The Environmental Protection Agency and a Utah mining company have reached a $60 million settlement in the cleanup of the Eureka Mills Superfund site in Juab County.
Jan. 29The Environmental Protection Agency and a Utah mining company have reached a $60 million settlement in the cleanup of the Eureka Mills Superfund site in Juab County.
Under terms of the agreement filed Friday in U.S. District Court, Eureka-based Chief Consolidated Mining Co. will reimburse the agency with 15 percent of its net income above $2 million per year and provide in-kind payment in the form of soil and fill material that the EPA will use to remediate affected homes and businesses and cap the mine waste piles at the Superfund site, located in Eureka.
The company, which owns 19,000 acres in the state, also will compensate the agency for its cleanup efforts through selling off some of its real estate holdings. Chief Consolidated's mining operations in Eureka are inactive; the mines have been closed since 1957.
"Chief Consolidated has worked well with us, and we've tried to work out an agreement that achieves some of our mandates, and at the same time, leave them viable financially," Paula Schmittdiel, remedial project manager for the EPA's Denver office, said Friday. "We won't take all the proceeds; just a certain portion. We hope to leave them in a position where they can recover financially."
But that view is not shared in Eureka. Company officials were unavailable for comment Friday, but Mayor Lloyd Conder accused the agency of double-crossing Chief Consolidated and the city.
"The EPA lied to us," Conder said. "They said they wouldn't take Chief to the cleaners. All they said they wanted was a place to put the 1/8contaminated3/8 material and close the mine waste dumps. Now they're saying Chief has to pay $60 million, so they lied to the people, and it'll probably drive the company under."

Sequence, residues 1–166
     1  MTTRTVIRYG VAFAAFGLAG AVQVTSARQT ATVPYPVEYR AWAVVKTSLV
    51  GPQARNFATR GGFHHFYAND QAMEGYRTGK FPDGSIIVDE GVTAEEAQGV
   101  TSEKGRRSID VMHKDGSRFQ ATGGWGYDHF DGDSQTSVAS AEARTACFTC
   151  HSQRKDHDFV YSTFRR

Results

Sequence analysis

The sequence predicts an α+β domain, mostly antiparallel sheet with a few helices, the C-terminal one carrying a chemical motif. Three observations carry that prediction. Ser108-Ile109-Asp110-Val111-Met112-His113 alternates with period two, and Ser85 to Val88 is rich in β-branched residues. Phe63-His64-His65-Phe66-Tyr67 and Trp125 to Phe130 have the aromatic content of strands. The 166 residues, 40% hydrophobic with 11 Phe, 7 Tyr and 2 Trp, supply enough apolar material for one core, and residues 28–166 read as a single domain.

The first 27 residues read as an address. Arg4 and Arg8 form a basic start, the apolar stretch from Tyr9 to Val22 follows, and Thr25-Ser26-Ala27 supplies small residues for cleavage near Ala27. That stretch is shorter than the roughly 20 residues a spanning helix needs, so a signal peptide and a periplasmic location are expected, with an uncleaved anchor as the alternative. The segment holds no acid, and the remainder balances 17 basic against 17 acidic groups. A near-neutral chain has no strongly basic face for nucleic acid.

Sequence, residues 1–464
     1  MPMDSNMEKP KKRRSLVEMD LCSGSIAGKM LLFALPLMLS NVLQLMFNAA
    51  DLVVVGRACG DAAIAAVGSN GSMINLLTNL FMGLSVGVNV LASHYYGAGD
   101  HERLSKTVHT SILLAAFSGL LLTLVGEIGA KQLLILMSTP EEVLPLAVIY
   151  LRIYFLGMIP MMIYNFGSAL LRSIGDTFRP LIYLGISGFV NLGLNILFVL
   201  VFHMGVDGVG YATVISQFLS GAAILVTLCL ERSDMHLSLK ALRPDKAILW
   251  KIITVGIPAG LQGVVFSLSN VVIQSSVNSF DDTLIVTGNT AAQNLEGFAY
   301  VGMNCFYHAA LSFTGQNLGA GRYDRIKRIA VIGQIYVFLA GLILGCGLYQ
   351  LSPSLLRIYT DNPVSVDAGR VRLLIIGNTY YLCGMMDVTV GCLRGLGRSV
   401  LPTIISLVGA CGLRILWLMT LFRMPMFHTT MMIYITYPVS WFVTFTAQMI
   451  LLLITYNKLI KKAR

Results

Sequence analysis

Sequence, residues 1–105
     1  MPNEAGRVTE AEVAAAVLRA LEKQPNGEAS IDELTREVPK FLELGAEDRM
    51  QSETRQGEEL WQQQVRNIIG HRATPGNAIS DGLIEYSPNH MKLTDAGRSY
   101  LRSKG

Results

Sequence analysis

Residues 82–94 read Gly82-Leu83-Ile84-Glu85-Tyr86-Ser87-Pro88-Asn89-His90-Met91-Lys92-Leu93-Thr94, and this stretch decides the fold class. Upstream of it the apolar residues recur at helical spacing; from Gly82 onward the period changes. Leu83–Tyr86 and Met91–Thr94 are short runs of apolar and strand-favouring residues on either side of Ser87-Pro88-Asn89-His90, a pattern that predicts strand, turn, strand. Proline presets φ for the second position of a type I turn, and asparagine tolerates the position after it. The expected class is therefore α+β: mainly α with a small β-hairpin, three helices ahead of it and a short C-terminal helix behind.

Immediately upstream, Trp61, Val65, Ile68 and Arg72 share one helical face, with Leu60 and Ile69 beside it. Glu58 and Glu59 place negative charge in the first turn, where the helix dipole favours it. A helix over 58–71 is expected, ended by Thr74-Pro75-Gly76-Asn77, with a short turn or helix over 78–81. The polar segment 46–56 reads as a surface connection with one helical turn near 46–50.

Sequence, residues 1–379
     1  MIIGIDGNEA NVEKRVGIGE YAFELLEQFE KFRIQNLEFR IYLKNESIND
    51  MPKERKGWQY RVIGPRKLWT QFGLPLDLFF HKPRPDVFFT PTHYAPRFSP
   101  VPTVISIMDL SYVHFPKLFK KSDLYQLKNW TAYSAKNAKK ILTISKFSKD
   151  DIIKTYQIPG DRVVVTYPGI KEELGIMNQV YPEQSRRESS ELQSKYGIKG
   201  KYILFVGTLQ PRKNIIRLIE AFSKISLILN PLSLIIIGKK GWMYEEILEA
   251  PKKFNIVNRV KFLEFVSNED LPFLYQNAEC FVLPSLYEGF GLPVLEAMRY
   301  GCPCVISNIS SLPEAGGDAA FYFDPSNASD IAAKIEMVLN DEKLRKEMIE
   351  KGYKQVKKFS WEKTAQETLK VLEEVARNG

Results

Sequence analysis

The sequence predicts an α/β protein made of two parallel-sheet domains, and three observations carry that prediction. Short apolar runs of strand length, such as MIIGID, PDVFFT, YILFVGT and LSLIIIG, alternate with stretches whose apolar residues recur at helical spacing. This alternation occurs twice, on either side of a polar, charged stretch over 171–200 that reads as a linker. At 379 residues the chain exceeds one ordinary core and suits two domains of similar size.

Eureka Mills became a Superfund site in September of 2002 after as many as 450 homes were discovered to have been contaminated with lead and arsenic contamination from the former silver, gold, lead and mineral mines the company owned.
Some residents, including Conder, are skeptical about how contaminated the Superfund site is.
"Nobody's gotten sick or died," the mayor said. "As far as I'm concerned, it's a make-work project."
But Schmittdiel calls Eureka Mills one of the larger project her EPA office has done, given its size and scope. Work has been ongoing since late 2002.
Schmittdiel says that if federal funding is maintained, along with a 10 percent match from the state, another four or five years of remedial work still lies ahead.
"There is quite a bit of mine waste contamination," she said.
A century ago, Eureka was a booming mining town with 3,500 residents and 35 saloons. The Tintic Mining District produced almost $600 million in gold, silver and other minerals. But toxic dust from the mines settled in residents' yards, which produced the high lead and arsenic levels.
Conder says he and many of the city's 800 other residents have always hoped the mines would be reopened at some point but he doubts that now.
"I hope I'm wrong," he said. "But I don't think it's going to happen."
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